Determining if your child is meeting normal growth standards in the first two years may not be as obvious as you think.
A failure to thrive or growth faltering can have long-term consequences in children during their most critical periods of development.
“Growth trends are most important during the first two years of life and this coincides with the highest frequency of well-child visits for patients,” said Dr. Patrick McCann, a Marshfield Clinic Health System pediatrician. “It is important for parents to keep these appointments as growth parameters are assessed at each visit and allows for early intervention, if necessary. It is also very important for parents to keep an open dialogue with their care team if any concerns arise.”
Growth faltering is not a disease or disorder. Rather, it is a sign that a child is undernourished likely due to myriad reasons – lack of proper nutrition, access issues to obtain resources or inadequate intake of usable nutrition.
“Inadequate intake can also be due to a multitude of causes,” Dr. McCann said. “In the newborn period, this can be due to inadequate supply of breast milk or formula, improper mixing of formula, and improper feeding technique just to name a few. In later years, it can be due to food insecurity, ‘picky eaters,’ insufficient knowledge of appropriate diet by caregivers, and a host of other factors.”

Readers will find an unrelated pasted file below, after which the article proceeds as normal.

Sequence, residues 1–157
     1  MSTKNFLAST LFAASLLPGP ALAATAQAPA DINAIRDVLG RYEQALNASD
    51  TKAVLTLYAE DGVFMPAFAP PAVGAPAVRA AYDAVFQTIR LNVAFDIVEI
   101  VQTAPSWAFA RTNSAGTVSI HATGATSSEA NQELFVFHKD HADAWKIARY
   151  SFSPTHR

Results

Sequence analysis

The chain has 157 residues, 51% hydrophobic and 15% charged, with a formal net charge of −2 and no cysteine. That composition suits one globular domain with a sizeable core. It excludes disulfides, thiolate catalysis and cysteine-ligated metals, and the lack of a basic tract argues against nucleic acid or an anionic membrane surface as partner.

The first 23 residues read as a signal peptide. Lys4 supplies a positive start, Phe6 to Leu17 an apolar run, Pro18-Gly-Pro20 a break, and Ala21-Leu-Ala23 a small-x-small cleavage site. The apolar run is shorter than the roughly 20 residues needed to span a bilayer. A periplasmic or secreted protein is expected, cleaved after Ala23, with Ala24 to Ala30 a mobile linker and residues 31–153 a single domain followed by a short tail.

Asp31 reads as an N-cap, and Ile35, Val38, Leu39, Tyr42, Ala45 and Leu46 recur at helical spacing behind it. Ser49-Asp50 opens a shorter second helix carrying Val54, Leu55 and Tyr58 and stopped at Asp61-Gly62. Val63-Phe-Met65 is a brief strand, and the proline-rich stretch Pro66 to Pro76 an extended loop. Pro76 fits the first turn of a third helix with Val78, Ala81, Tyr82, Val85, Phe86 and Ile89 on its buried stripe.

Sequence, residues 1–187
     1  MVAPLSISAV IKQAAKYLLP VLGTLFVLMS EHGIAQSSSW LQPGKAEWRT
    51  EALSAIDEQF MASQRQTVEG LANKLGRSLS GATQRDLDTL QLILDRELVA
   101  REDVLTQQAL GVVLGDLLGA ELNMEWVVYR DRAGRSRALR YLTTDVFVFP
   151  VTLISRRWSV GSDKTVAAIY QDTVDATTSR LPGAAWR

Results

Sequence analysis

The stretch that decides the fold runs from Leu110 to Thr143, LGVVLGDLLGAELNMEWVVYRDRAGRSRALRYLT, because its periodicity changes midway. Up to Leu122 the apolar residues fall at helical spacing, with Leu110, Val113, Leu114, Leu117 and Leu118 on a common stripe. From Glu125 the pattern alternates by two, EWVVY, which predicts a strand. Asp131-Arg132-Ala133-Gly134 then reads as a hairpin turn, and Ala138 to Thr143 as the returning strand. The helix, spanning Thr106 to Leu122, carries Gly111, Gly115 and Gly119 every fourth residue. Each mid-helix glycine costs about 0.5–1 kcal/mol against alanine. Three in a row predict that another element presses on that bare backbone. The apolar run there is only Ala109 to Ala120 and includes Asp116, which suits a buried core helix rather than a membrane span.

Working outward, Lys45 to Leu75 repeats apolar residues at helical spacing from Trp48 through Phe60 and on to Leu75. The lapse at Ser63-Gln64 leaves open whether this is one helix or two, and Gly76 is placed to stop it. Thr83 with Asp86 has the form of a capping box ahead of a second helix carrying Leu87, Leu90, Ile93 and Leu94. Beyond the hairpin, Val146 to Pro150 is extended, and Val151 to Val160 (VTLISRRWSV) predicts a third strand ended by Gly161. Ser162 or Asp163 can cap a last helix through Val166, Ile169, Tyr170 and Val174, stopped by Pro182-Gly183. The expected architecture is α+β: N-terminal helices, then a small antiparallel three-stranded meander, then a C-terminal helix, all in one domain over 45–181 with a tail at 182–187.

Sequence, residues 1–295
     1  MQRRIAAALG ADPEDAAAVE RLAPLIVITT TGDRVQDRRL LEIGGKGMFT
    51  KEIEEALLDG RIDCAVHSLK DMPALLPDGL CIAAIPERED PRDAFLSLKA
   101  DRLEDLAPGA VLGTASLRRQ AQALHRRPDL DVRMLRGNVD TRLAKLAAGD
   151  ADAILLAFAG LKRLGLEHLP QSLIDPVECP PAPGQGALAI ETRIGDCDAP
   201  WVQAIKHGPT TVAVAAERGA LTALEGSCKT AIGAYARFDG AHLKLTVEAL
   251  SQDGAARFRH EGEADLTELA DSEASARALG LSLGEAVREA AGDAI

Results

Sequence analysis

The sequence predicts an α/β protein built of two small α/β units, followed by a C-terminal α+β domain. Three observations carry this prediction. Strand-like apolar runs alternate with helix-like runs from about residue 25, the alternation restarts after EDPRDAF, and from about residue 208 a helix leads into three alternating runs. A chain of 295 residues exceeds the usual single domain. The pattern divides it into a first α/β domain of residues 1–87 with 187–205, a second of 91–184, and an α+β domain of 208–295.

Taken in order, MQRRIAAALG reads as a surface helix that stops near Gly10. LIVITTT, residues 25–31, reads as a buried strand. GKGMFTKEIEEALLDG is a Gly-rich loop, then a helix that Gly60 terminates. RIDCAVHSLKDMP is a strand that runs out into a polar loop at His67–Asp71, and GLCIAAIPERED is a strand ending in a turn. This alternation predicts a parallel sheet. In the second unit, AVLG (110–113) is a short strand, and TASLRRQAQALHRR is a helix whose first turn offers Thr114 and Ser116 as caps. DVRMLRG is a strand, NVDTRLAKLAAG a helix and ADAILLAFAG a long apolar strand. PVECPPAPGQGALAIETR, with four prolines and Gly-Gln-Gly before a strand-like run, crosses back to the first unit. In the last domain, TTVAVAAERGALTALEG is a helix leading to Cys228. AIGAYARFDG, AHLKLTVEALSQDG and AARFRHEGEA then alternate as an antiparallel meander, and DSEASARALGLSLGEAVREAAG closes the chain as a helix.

Assessing growth at regular checkups critical
Growth faltering in the early months of development can be very deceiving to detect.
“Parents’ perception of growth is very subjective so growth faltering may go unnoticed,” Dr. McCann said. “It can be somewhat insidious in the early stages as development is usually preserved. If left unchecked, long-term ramifications can begin to show. That is why we monitor a patient’s height, weight, head circumference, and weight-for-length/height at each visit so that we can quickly intervene, if necessary.”
Assessing long-term risks
Children with poor weight gain are at increased risk of persistent short stature, cognitive deficits, secondary immunodeficiency, and increased risk of non-communicable diseases.
“This risk is incredibly important at all ages, but most important during the first two years of life,” Dr. McCann said.
Effective treatment plan is key
Because the causes vary so widely, it is essential that treatment plans are individualized and based on the reasons why the child has inadequate nutrition. Effective treatment, including potential referrals to specialists, often requires uncovering and addressing the causes in order to provide the best path to proper nourishment.
“At the very least, families can expect an increased frequency of visits for weight checks and diligent recording of nutritional intake,” Dr. McCann said.
To learn more about ensuring proper growth in your child, talk to your pediatrician.